Posted on November 17 2015
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PLYMOUTH AND THE PILGRIMS
By Seth Dixon, Ph.D & Julie Dixon
For many Americans, hearing the word ‘Plymouth’ brings to mind the Mayflower, Thanksgiving, and a myth that involves Pilgrims disembarking after months at sea onto Plymouth Rock itself, without a backward glance. It’s a rose-colored glasses version of history that both sanitizes the experience and diminishes the life and death struggles the Pilgrims faced.
Before seeking refuge in the New World, many of the Mayflower’s passengers, Separatists who called themselves Saints, had left England for Holland in 1608. They had broken ties with the Church of England, viewing it as nearly as corrupt as they considered the Catholic Church. In Holland, however, the emigrants were excluded from the guilds and felt Amsterdam’s loose, cosmopolitan culture was leading their children away from their strict faith. The Separatists wanted a place not only to practice their religion but to retain their language and culture while obtaining greater economic opportunity. After regrouping in England, they received permission to create a settlement somewhere between the Chesapeake Bay and the mouth of the Hudson River.
On September 6, 1620, the Mayflower set sail from Plymouth, England with 102 passengers (including 40 Separatists) and 48 crew members. It must have been agonizing as it was the third time they’d set sail. In August, half of the passengers had originally been booked on the Speedwell, which had sprung a leak, causing both ships to return to port twice before they boarded the Speedwell’s passengers onto the Mayflower. Already cramped with human cargo, the ship also carried the necessities of starting a new life: tools, food, drink, clothing, arms, and household items such as pots and kettles, plus sheep, goats and poultry.
The weeks lost to backtracking put the Mayflower in a dangerous position due to the western gales on the North Atlantic that are especially violent in September. The storms, overcrowded conditions, diminished food supplies and cold made for a grueling experience amplified by the ship being swept off course. After 66 days at sea, the Mayflower reached the shores of Cape Cod, anchoring at the site of Provincetown on November 21, 1620, after again unsuccessfully trying to sail south to their intended location. Before anyone was let ashore, all the men signed the Mayflower Compact, which was created to enact just and equal laws that protected each man’s rights. Only then did they send an exploratory party ashore to find suitable shelter and the food they so desperately needed.
Hundreds of miles farther north than intended and having arrived in late fall, the Pilgrims weren’t prepared for the snow and cold of New England. As they began exploring they found some empty villages. The previous year, a group of Europeans, including John Smith, had visited the area and unknowingly spread diseases that the Natives had no immunity against, causing thousands to perish. The Pilgrims uncovered mounds of earth in these villages and found stored corn and beans. As the weeks passed and the Pilgrims not only took the stored food but also disturbed graves across Cape Cod, the wrath of the remaining Natives was raised to the point that the Mayflower had to sail on.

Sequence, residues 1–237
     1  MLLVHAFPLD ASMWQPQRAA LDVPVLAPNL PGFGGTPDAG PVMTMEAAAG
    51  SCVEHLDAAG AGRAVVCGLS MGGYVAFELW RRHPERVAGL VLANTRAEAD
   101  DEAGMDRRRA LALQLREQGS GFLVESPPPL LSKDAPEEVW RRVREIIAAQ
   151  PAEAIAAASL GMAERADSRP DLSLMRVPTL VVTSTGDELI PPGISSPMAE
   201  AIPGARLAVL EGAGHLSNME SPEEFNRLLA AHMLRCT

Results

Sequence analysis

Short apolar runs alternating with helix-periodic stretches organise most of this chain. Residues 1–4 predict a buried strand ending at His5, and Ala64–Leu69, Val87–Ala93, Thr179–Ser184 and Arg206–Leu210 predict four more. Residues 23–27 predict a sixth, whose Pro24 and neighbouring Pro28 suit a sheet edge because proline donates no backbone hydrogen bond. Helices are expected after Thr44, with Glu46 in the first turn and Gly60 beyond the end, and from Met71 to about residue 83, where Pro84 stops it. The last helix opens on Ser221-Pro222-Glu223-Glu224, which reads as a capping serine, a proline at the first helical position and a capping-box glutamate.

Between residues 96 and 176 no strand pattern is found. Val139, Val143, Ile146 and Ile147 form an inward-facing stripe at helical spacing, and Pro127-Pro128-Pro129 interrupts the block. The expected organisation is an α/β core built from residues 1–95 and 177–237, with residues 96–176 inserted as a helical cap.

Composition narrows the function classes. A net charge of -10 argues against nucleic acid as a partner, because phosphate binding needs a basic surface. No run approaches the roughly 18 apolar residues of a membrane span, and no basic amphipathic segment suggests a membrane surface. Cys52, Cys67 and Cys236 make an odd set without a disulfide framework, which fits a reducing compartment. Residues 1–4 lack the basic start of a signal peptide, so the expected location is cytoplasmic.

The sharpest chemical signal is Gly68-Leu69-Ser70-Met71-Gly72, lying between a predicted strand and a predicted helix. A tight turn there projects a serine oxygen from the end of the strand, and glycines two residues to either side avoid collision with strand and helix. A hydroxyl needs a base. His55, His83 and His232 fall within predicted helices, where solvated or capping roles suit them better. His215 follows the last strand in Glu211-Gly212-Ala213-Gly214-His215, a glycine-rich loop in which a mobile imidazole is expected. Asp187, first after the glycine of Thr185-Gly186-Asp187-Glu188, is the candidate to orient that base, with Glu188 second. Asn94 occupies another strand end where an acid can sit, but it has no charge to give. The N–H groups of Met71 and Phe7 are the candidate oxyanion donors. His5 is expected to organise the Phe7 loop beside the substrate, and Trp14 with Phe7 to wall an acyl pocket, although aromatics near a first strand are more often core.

On December 18th, the Mayflower docked in Plymouth’s protected harbor. The Pilgrims continued to live aboard the Mayflower throughout that winter while they built onshore. Meanwhile, they fought an epidemic with symptoms found in tuberculosis, scurvy and pneumonia that ultimately claimed the lives of half the passengers and crew. It wasn’t until March 1621 that the pilgrims were healthy enough to permanently move off the ship. Soon thereafter, Squanto, a native who spoke English due to his time as a slave, and Samoset, another native, helped translate and mediate between the colony and Chief Massasoit. Squanto and Samoset also taught the Pilgrims how to grow corn, fish, and trade furs so they could pay the debt they owed to the investor who had fronted them the money to make the voyage. Grateful for the plentiful harvest of 1621, the Pilgrims held a feast with Samoset, Squanto, Massasoit and ninety other Wampanoag tribesmen, observing the first Thanksgiving.
Today, tourism serves as Plymouth’s financial backbone with a replica of the Mayflower named Mayflower II,the Pilgrim Hall museum, and Plymouth Rock anchoring the downtown’s historical importance. Located a few miles away, Plimoth Plantation is a living museum replica of the 17th century walled village (as spelling was phonetic then, the city and museum use different, accepted spellings to distinguish the city from the museum) and a Wampanoag Village. The homes are built and furnished according to the times, vegetables grow in the gardens and the costumed actors have adopted the names, accents and viewpoints of people who lived in the colony. The Wampanoag Villagers dress according to the period but converse in a normal, 21st century fashion to avoid denigrating stereotypes and provide clear answers.
Thanksgiving in Plymouth is a bittersweet treat. While hordes gawk at Plymouth Rock and enjoy the parade, across the street and up the steep hill from Plymouth Rock stands a statue of Massasoit, overlooking Plymouth Harbor and the Mayflower ll.
The site is used for the National Day of Mourning, observed by Native tribes on Thanksgiving Day in protest of past Pilgrim narratives. It serves as one of the many reminders that this land was populated prior to thePilgrims’ arrival. Four hundred years has brought incalculable changes to this land, but time has yet to heal the anger and regret felt by many Natives for a time they did not know but still long for.